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Urinary Cancer Health Feed

How Beneficial Is Use Of Laser In Urology?

Dr. Kuldip Singh 89% (199 ratings)
Fellowship of the Royal College of Surgeons (FRCS), MS, MBBS
Urologist, Delhi
How Beneficial Is Use Of Laser In Urology?

Urology is a branch of medicine that deals with the diseases and disorders of the male and female urinary system and the male reproductive organs. It is a specialized branch of medicine that has been in existence for a long time and has advanced in many ways over the past two decades, courtesy the introduction of the laser technology. Laser technology has helped urologists tremendously and they have been able to treat a number of patients through laser-assisted surgery. The use of lasers has made it possible for the urologists to utilize endoscopic instruments with small-diameter that allow them to see the minutest details of the urinary tract and treat the complex cases with ease.

  1. Laser in bladder outlet obstruction: Bladder outlet obstruction is a blockage at the base of the bladder, which slows down or stops the flow of urine to the urethra, causing discomfort to the patient. Bladder outlet obstruction occurs usually in younger males due to bladder neck narrowing. Blood tranfusion is usually not required in prostrate surgery especially if lasers are used. Most men in their old age suffer from this problem and laser technology helps in conducting the surgical procedure to remove this blockage. It has been found that laser-assisted surgery results in lesser loss of blood as compared to open surgery. In some cases, blood transfusion after surgery is not required at all. Also, the hospital stay post operation is shorter, which ensures more comfort to the patient.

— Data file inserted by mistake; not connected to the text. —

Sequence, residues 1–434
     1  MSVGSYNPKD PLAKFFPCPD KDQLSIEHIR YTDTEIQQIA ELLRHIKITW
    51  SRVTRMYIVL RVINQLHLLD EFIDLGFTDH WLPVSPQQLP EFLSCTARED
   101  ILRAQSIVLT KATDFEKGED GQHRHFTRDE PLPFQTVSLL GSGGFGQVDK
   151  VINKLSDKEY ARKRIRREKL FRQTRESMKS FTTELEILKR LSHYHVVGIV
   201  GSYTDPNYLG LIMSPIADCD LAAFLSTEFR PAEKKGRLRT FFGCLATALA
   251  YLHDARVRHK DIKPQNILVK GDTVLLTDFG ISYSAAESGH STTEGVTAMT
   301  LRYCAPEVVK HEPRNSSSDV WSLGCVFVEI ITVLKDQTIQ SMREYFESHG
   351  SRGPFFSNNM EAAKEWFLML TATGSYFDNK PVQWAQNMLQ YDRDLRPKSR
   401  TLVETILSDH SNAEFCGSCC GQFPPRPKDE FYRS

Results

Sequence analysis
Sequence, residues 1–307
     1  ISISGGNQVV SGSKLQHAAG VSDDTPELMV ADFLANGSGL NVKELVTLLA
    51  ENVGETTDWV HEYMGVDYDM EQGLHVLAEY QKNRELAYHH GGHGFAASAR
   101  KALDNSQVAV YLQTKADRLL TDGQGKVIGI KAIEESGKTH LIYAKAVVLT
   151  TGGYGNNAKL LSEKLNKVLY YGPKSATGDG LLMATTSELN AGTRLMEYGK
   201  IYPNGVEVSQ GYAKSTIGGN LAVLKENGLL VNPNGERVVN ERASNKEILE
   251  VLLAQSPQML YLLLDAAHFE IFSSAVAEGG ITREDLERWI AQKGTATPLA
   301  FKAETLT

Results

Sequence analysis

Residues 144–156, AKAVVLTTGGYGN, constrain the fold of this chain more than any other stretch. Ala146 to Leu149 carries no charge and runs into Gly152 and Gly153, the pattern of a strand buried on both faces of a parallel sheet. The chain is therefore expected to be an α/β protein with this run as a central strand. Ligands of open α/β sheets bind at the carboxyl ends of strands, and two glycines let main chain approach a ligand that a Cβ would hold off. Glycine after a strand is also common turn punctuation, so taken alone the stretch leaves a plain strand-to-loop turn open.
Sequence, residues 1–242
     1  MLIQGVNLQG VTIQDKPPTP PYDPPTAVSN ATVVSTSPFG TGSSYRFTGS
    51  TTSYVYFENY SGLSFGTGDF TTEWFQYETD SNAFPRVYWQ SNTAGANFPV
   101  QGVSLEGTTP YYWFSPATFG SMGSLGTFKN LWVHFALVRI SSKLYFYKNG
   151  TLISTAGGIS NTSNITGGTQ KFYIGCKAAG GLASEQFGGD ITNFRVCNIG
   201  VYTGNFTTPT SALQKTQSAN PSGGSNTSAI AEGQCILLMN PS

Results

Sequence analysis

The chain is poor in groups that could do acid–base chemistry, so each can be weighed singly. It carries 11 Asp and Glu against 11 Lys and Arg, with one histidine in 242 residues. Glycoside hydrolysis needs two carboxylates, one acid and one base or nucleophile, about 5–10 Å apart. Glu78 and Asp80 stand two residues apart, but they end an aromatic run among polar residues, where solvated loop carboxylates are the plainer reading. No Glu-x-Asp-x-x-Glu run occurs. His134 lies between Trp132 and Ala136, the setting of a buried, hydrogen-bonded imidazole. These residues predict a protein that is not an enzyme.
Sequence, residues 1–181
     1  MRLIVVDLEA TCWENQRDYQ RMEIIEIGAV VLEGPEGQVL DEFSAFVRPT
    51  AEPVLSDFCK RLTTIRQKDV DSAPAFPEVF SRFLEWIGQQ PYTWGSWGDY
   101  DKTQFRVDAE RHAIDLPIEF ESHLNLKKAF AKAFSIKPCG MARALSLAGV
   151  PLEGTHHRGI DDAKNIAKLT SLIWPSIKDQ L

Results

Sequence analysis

2. Laser in urolithiasis: The formation of kidney stones in the urinary tract is known as urolithiasis. Treatment of this conditions requires surgical intervention and it is nowadays done with the help of endoscopic intracorporeal laser lithotripsy. This technique uses strong beams of laser light to fragment them, and remove them from the urinary tract. The laser technology is safe and can be used in the case of pregnant women too. It can easily access the hard stones present in difficult locations.
  3. Laser in benign prostatic hyperplasia: Benign prostatic hyperplasia (BPH) refers to the enlargement of the prostate. Some of the symptoms of this condition include a frequent urge to urinate, problems in urination, inability to urinate, and loss of bladder control. It can also lead to UTI (urinary tract infection) and stones. It can be treated with photoselective vaporization of the prostate (PVP) in which the excess prostate tissues are melted away and the prostate shrinks back to its original state. Holmium laser ablation of the prostate (HoLAP) also does the same but holmium laser enucleation of the prostate (HoLEP) cuts the excess tissue blocking the urethra.
  4. Laser in bladder cancer and urinary tract strictures: Bladder cancer refers to the abnormal growth of cells in the urinary tract and this is mostly found in the form of tumors. The tumors can be cancerous and transurethral bladder tumor resection (TURBT) laser technology can help in diagnosis, staging, as well as the treatment of malignant tumors. It makes use of cystoscope to remove the tumor. In case of urinary tract strictures, the urethra becomes narrow, hindering the passage of urine. It can be caused due to an infection or injury. With endoscopic urethrotomy and usage of the cystoscope, the urologist removes the stricture or makes it evaporate with the help of a laser.

Laser technology is of immense value to urologists and offers many advantages to the patients as well. It is more comfortable and with more advances being made in this field, the future looks even brighter for the doctors as well as patients.
 

2072 people found this helpful

Bladder Cancer

Dr. Abdul Munnon Durrani 89% (1031 ratings)
DNB - Urology/Genito - Urinary Surgery, MBBS Bachelor of Medicine and Bachelor of Surgery, MS - General Surgery
Urologist, Noida
Bladder Cancer

There is a direct cause relationship of smoking with urinary bladder cancer, so avoid smoking and get a healthy lifestyle.